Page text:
The Machine-Age Rule Book
There was no thick file, but the “rule book” of machine age management was
based on a number of key principles:
• Command and Control
Management was exercised on people through a kind of benign dictatorship.
Inspired by military role models, the manager told people what to do and then
• One Right Way
The instructions of management were assumed to be right. The role of those
who were managed was not to question or suggest alternative approaches.
There was a belief in one right way to undertake tasks.
• Subjugation not Subversion
The machine age was built around subjugation. Contrast this with the positive
encouragement of what would have been regarded as plain subversion in
some of today’s more innovative companies.
• Labour not Human Resources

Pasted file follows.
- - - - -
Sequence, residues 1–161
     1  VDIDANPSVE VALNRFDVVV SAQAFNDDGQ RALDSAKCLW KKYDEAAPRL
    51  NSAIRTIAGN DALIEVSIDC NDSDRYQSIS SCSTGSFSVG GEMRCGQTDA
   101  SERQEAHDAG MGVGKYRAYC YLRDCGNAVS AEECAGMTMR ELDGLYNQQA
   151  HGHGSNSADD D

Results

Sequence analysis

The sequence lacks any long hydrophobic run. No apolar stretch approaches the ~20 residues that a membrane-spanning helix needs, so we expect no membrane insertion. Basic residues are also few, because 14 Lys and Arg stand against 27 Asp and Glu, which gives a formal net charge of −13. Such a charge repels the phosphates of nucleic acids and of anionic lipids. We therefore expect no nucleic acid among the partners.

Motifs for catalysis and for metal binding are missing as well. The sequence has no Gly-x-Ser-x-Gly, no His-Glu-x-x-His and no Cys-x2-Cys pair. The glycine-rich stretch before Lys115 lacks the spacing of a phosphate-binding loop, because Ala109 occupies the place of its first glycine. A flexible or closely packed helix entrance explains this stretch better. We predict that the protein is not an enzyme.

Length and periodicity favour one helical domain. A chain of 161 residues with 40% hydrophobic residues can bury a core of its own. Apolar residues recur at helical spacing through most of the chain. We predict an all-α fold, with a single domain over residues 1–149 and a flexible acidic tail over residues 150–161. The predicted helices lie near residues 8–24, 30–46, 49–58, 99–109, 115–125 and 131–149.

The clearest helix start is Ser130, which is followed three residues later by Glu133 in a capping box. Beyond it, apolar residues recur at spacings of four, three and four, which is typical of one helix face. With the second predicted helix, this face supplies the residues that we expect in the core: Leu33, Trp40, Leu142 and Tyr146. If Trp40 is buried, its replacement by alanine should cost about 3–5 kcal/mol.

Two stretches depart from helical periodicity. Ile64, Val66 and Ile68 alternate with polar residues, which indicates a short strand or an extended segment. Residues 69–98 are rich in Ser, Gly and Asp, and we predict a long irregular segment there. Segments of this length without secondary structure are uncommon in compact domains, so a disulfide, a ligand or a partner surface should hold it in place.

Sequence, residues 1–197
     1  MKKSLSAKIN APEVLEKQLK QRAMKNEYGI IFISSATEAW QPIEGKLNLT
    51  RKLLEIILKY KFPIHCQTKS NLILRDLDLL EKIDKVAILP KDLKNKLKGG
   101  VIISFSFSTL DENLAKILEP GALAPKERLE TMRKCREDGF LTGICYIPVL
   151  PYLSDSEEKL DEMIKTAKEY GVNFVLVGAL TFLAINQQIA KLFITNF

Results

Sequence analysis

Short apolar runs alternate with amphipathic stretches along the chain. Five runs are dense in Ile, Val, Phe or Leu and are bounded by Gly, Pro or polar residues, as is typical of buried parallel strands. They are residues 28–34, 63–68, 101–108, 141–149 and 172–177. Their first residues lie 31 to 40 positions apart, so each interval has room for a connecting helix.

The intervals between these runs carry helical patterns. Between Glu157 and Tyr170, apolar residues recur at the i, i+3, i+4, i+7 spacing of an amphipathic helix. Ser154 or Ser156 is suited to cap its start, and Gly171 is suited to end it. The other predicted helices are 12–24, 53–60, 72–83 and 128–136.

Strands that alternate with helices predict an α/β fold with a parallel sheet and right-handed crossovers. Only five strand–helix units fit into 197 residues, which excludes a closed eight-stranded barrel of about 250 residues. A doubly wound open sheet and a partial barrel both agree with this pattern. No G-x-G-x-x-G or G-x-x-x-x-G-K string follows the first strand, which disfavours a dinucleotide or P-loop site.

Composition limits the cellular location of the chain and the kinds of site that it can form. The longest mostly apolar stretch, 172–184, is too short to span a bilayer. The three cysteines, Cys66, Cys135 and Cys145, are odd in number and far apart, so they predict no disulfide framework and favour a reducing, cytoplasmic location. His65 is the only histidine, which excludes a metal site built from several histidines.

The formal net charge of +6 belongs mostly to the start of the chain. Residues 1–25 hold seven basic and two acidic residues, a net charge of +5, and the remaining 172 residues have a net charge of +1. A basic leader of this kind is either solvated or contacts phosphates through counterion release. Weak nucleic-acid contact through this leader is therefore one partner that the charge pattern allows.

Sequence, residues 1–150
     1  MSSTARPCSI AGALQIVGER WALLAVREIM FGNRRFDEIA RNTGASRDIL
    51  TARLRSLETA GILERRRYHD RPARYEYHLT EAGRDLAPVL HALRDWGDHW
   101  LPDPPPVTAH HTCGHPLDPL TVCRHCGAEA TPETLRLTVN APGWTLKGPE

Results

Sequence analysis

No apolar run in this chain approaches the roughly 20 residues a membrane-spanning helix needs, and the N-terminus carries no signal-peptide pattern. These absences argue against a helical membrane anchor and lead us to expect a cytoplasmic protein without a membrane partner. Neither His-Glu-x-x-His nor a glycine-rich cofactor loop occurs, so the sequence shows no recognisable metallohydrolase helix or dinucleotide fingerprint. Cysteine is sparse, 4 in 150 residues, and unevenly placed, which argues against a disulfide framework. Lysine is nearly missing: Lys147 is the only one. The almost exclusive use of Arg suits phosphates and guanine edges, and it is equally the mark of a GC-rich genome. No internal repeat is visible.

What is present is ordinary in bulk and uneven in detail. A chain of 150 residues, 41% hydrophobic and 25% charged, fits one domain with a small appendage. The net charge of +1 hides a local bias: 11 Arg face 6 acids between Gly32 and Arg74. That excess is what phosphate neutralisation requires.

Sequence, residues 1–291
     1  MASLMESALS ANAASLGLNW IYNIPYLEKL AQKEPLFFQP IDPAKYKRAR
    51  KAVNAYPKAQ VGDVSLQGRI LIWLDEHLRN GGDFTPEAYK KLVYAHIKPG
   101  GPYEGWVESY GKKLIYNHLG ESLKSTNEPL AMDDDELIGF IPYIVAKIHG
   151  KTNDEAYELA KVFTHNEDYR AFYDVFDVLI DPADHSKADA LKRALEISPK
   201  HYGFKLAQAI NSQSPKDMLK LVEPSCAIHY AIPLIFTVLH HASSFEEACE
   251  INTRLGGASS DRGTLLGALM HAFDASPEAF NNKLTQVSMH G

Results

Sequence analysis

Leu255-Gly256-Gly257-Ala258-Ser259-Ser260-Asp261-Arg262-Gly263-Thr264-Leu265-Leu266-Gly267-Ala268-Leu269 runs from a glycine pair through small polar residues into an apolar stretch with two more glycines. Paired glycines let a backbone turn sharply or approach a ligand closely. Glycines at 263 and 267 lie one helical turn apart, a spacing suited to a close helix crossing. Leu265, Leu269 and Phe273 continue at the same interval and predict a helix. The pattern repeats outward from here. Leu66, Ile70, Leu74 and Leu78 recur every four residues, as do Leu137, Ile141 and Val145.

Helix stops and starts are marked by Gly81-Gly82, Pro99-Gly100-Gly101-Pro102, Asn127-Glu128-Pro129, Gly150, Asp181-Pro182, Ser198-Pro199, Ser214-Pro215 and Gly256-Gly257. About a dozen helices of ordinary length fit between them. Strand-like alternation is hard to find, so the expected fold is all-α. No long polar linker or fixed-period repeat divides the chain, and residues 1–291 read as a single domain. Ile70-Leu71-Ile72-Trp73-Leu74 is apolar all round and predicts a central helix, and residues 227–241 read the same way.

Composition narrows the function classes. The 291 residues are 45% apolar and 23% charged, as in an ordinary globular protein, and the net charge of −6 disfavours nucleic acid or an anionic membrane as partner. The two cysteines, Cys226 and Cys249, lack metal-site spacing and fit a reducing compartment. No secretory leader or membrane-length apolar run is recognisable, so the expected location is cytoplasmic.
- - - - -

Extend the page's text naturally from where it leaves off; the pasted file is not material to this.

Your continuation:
The workforce was “labour,” hired hands with no stake in the organization.
Labour was generally in plentiful supply and the company did not owe them
anything, though they were expected to demonstrate loyalty to the company.
• National not Global
Perspectives were generally national, sometimes regional, and rarely
• Security not Insecurity
While employees were not offered recognition or responsibility, there was an
unspoken contract built around security. Companies had a feel of
permanence, dominating towns and their markets. The future seemed
predictable and their place in the future even more predictable.
F W Taylor
If there was any one creator of the machine-age rule book, Frederick
Winslow Taylor (1856 – 1917) should probably take the credit. Today, the
name of the American inventor and engineer is now known by only a few
practicing managers. And yet, his work forms the cornerstone of much of the
management practice of the twentieth century. The man may be forgotten, but
his legacy lives determinedly on and, once described, would be instantly
recognized by most managers.